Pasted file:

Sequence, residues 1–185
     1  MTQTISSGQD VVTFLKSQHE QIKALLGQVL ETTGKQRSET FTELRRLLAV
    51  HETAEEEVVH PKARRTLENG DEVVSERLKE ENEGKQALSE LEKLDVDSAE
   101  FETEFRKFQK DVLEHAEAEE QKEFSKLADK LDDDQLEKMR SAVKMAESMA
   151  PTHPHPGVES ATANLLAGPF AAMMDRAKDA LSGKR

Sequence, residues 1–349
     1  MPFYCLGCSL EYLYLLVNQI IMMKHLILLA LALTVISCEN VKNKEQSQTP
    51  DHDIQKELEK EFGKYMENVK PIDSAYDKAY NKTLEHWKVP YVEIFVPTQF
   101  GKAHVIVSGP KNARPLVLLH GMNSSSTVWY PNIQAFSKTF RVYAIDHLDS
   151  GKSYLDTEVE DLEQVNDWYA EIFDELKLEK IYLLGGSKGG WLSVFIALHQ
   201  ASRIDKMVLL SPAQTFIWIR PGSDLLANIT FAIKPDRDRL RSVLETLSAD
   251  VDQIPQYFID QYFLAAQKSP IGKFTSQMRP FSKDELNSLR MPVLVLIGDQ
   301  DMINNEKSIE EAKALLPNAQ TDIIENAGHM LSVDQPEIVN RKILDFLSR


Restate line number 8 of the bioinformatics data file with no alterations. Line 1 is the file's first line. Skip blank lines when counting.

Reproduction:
    51  DHDIQKELEK EFGKYMENVK PIDSAYDKAY NKTLEHWKVP YVEIFVPTQF